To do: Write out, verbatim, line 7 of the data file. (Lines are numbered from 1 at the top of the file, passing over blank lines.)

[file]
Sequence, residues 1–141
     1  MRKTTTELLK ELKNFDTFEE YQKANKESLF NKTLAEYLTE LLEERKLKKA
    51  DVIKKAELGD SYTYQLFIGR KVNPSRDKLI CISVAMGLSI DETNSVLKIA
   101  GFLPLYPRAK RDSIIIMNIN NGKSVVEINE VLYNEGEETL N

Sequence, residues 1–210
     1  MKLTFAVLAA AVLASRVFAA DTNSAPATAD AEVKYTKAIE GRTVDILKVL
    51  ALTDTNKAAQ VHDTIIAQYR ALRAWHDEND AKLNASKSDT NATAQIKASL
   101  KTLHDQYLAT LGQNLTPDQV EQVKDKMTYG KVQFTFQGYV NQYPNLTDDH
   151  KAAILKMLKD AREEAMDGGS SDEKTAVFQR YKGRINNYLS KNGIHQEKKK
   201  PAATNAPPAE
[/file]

    51  ALTDTNKAAQ VHDTIIAQYR ALRAWHDEND AKLNASKSDT NATAQIKASL